Three Rivers
Hudson~Mohawk~Schoharie
History From America's Most Famous Valleys

St. Johnsville Bicentennial Celebration
1976
Published by St. Johnsville Village/Town Bicentennial Committee, Inc.

Village Board of Trustees

Twentieth Century Unlimited
by Betty Bilobrowka

<- GRAMMAR SCHOOL 1902. Although old, this is not the first school in the village. The first was on South Division Street, just below what is now Failing Ford. It was a long wooden structure. The above was torn down in 1975. Carrie Kilts taught 3rd grade here many years.

In the middle years of the twentieth century, that marvel of transportation, New York Central's famous Twentieth Century Limited train, was the symbol of America's progress. In Saint Johnsville, as elsewhere around the United States, the twentieth century was hailed with great promise. Things were going to be different now; things were going to be better. Yet even the most prophetic of those who lived in 1901 could scarcely have foreseen the changes the next seventy years were to bring, not only to the world at large, but to our own little community of St. Johnsville.

Let's go back seventy years and see for ourselves. A stroll about the village in 1907 reveals some names that are still familiar: the Keyser House, Horn's Mills; Walrath's Drug Store; Lenz Hardware. But many of the names have disappeared from our store fronts: G. H. Lampman, clothier; E. L. Dillenbeck, dry goods; R. B. Beekman, dry goods; the Empire Hotel and the Dempsey Hotel; the Home Telephone Company.

One might get the impression in 1907 that the Foxes run the town. We see these signs: Postmaster, James Fox; Dave Fox, corner saloon; Chris Fox, groceries; Wesley Fox, photographer.

Upstairs over one of the stores we might see a reading room, the forerunner of our spacious library today. On the corner where the bank now stands so imposingly is a beautiful mansion with a colonial front shaded by a towering elm tree, the Markell mansion.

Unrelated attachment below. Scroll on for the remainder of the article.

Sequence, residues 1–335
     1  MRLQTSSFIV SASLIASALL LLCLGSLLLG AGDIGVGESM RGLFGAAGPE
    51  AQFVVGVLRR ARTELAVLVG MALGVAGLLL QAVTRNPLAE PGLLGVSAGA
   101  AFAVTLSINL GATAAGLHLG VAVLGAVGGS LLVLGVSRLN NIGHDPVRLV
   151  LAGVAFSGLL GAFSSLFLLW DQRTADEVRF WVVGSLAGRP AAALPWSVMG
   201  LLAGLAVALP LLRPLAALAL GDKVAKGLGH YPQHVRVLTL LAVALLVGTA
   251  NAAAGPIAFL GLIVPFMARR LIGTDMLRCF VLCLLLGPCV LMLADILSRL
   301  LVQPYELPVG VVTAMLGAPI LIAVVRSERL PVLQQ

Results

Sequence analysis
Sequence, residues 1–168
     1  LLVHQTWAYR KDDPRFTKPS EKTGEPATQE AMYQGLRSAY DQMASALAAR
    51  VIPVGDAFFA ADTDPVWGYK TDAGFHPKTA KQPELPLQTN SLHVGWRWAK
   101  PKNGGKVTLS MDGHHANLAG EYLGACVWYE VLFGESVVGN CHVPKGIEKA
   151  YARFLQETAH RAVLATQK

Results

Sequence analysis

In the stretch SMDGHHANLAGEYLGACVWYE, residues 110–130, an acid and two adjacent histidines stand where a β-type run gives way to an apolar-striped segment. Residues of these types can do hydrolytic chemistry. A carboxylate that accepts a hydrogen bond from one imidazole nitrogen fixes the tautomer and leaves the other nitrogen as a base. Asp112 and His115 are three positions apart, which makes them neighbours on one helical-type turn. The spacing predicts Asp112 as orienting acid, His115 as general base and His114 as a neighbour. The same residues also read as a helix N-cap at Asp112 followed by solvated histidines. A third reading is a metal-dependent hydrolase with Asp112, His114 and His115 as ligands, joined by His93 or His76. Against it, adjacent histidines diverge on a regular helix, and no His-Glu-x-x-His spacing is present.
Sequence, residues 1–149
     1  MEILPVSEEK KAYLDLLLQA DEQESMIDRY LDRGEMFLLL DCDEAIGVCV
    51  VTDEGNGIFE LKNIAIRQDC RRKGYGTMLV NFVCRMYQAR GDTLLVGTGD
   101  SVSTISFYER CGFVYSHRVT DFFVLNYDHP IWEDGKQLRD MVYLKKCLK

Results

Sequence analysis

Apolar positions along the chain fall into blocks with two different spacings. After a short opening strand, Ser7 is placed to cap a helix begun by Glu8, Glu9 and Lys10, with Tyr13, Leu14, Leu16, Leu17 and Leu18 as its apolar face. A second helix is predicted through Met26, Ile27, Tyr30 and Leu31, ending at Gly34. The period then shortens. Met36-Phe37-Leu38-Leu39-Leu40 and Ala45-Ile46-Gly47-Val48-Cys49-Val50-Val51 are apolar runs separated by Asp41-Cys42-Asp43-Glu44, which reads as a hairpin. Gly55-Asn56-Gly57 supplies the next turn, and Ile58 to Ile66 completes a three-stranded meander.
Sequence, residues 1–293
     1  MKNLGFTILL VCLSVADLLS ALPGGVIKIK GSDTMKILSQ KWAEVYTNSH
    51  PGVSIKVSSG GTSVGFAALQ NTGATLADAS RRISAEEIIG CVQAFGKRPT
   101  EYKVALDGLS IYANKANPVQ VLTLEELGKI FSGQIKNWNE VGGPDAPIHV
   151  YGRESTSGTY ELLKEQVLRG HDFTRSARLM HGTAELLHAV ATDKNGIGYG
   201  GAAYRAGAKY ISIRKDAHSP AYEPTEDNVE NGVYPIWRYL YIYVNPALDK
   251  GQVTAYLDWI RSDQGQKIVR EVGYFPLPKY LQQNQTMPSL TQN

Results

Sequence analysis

Indeed one of the first things we notice as we step backward in time is the row of lofty elm trees shading the main street, trees that have long since been cut down to be replaced by concrete. Isn't is nice in 1976 to see that trees have once more been planted along Main Street?

In 1907, to cross the street of our village, careful crossers use the elevated crosswalks made of huge blocks of limestone. The rest of the street is unpaved mud, deep and dusty and dirty. Of course the village officials have the streets oiled at intervals to lay the dust, but the housewife who does the weekly washing by hand can never decided which is worse, the mud or the oil.

There are more signs to see in 1907; the blacksmith shop, livery stables, the wagon works, a harness store, and saloons that are called saloons and not bars or grills. The Whyland Opera House, the most modern in the whole Mohawk Valley, is advertising a big scenic melodramas interspersed with musical specialties.

Along the streets we see many horses, several of them wearing straw hats now that summer is here. The newspaper informs us that the Nellis sisters are the proud owners of that wonderful new contraption, a horseless carriage. But on the same page is a story of a runaway team of horses that galloped through the village at a mud pace.

There would be many buildings that we would miss seeing in 1907, for at that time there was no theatre or library or Masonic Temple; no high school, not even the Beardslee Block, or the Shell Gas Station, or Rapacz' store.

But one thing our trip backward to 1907 would show us: that our village, which we sometimes think of as static and unchanging, is constantly growing, changing improving. Each year finds some improvement, small or large, that totaled together make the great changes we see in fifty years of seventy years, or 100 years.

Seventy years ago the railroad men of our village tell of the time they were ordered to paint the railroad tower. They report gleefully that it took a half barrel of paint, and five barrels of beer to do the job. Nostalgically we may sigh, "Those were the good old days!" But let us not forget that when American's Tricentennial rolls around, these will be "the good old days".

And they are good. Look around you at the improvements of the past few years: the re-paving of Main Street, the new railroad bridge, our new mini park, the addition to the high school, the upsurge of Fowler Finishing Corporation, the drive-in window at the bank, our new housing developments, the marina, to name but a few. Look at the citizens who give of their time and talents to make Saint Johnsville a better place to live: the firemen, the H. C. Smith Benefit Club, the mini militia, our ball teams from Little League to Saints, our new Senior Citizens group, our medical center board of directors, and our numerous clubs and organizations, village and town officials, school teachers, tradesmen, the ambulance corps--we could go on and on.

Truly Saint Johnsville may be as proud of its present as it is of its past, and can look forward with hop and confidence to the future. . . . to a truly "twentieth century unlimited".

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